Nature is healing.
You know how I know that? Because there are long lineups outside of Anton’s Pasta Bar on Hastings in Burnaby Heights.
I’m joking of course, but it is a sign that life is returning to something resembling normalcy as the B.C. restart plan kicks in.
Restaurant owners and their workers are breathing a sigh of relief after being allowed to reopen.
I went to a Burnaby eatery on the first day of reopening and the staff were positively beaming. I’m not kidding – the smiles were huge and staff were literally high-fiving each other.
“We are holding on by our fingernails,” wrote one Burnaby restaurant owner I have been conversing with throughout the pandemic. “But we’re finally back and I think we will survive this if things continue to improve.”
Some people, of course, aren’t ready to return for in-person dining and are still doing takeout. Others will be sticking with home cooking for the foreseeable future.
But I’ve checked out a lot of Burnaby restaurants and they seem to be bustling, at least on Fridays and Saturdays. The rest of the week is still a struggle for some restaurants. The Brentwood Cactus Club was really quiet last Monday, but the bartender said other days have been good. So things are still precaious for restaurants. Not all of them will survive.
And then there is Anton’s, the place with Burnaby’s biggest portions of house-made pasta. Seeing people lined up outside on Saturday evening was, as I said, a nod to how things used to be.
So, what comes next?
With 60 per cent of British Columbia's population having received at least one dose of the COVID-19 vaccine, the first "Restart" threshold has been met in the plan, for which each phase depends on provincial vaccination rates and a continued decline in case count.
Restaurants have been allowed to welcome guests for indoor and outdoor dining for tables of up to six guests with safety protocols in place.
Of note, those six people do not have to be from the same household, which means you can get together with friends, families, and colleagues at restaurants.
What's to come in each Phase of the restart plan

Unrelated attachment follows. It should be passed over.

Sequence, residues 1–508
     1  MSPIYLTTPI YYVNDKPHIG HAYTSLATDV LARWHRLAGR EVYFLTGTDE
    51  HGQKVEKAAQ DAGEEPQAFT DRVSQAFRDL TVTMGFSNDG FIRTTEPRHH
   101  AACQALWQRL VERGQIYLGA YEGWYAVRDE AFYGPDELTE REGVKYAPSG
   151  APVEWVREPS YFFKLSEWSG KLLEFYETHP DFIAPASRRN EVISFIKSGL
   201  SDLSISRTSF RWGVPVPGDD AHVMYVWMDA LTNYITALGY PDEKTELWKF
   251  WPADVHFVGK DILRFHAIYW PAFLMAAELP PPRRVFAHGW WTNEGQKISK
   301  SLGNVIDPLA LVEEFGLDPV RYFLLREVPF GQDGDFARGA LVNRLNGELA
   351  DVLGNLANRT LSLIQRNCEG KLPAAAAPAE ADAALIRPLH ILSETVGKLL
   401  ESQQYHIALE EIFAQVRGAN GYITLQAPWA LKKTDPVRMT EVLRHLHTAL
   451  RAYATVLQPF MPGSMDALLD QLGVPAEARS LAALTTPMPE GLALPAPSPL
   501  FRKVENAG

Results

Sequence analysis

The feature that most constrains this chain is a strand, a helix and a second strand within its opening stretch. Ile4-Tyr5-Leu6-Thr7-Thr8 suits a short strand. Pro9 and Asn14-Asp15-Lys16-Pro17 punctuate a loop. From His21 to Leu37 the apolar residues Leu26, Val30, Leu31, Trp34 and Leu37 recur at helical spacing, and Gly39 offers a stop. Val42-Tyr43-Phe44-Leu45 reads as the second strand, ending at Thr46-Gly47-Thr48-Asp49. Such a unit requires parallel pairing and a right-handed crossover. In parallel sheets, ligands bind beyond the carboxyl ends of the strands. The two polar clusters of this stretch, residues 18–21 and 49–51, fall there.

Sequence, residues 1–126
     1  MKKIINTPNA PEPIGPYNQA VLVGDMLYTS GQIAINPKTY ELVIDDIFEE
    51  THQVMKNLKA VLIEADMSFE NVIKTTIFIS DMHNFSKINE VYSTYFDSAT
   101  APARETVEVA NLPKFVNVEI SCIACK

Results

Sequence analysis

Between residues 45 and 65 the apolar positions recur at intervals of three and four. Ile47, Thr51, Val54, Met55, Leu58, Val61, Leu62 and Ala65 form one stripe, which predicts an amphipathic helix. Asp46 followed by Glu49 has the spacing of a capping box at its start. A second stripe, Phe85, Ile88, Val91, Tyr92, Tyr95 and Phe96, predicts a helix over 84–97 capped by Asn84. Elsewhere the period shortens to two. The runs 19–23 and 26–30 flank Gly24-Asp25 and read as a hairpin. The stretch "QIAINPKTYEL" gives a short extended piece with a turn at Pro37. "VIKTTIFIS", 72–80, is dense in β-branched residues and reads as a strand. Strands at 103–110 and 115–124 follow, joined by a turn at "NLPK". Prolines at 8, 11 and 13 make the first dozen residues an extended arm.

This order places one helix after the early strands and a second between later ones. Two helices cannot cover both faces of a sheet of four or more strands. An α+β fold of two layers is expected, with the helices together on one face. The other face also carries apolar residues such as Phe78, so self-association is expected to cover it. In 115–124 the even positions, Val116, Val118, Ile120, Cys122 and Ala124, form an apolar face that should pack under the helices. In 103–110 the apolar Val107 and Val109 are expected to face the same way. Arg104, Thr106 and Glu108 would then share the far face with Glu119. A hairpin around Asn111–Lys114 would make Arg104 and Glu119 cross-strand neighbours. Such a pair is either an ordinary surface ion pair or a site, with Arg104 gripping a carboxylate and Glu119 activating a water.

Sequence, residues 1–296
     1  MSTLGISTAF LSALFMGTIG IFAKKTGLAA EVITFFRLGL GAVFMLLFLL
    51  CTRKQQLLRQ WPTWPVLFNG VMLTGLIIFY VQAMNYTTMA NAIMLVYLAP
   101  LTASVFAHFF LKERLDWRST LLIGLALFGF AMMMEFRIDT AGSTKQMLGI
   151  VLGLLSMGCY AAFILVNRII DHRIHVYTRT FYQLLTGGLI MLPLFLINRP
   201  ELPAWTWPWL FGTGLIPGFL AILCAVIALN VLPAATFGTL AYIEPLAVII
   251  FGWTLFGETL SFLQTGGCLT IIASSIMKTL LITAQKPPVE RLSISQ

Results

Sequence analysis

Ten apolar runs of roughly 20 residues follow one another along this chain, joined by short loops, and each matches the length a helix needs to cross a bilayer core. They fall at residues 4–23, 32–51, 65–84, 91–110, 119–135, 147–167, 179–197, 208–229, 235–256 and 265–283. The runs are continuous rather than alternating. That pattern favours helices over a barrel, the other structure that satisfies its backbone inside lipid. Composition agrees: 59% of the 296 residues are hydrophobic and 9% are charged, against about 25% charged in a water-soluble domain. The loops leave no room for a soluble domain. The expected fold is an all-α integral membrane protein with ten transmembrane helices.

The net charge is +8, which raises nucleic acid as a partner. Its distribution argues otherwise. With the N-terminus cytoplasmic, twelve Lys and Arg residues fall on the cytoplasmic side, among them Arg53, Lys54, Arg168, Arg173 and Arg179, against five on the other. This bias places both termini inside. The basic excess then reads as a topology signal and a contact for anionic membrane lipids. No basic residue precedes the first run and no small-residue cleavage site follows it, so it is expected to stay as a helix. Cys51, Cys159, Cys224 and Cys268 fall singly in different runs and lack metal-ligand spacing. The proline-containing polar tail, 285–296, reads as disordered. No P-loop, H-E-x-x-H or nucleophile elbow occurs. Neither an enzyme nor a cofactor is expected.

While liquor service will be available until 10 p.m. now, once B.C. moves into Phase 2, liquor service will be extended until midnight.
The earliest date B.C. will move into Phase 2 is June 15; at that point the province must be at 65% of population with at least one dose of the COVID-19 vaccine administered and a continued decline in case count and hospitalization.
While masks will still be mandatory for indoor public spaces, when we reach Phase 2 is when banquet halls in the province will be able to re-open with safety protocols in place. At this stage, as well, there will be consultations within the sector on what further changes would look like as restrictions lift.
Phase 3, which needs a vaccination rate of 70 per cent province-wide as well as a continued decline in case counts and hospitalizations, is when the six-person limit on tables at restaurants will be lifted. The earliest this will happen in B.C. is July 1, and new safety plans for restaurants will be in place.
Those new safety plans will carry through into the fourth and final phase, which requires more than 70 per cent of our provincial residents to be vaccinated and which will begin no sooner than September 7.
"We have been on a long and tiring journey, and now we can start to chart our path forward to brighter days ahead," says Dr. Bonnie Henry, B.C.͛s provincial health officer.
- With additional reporting by Lindsay William-Ross, Vancouver is Awesome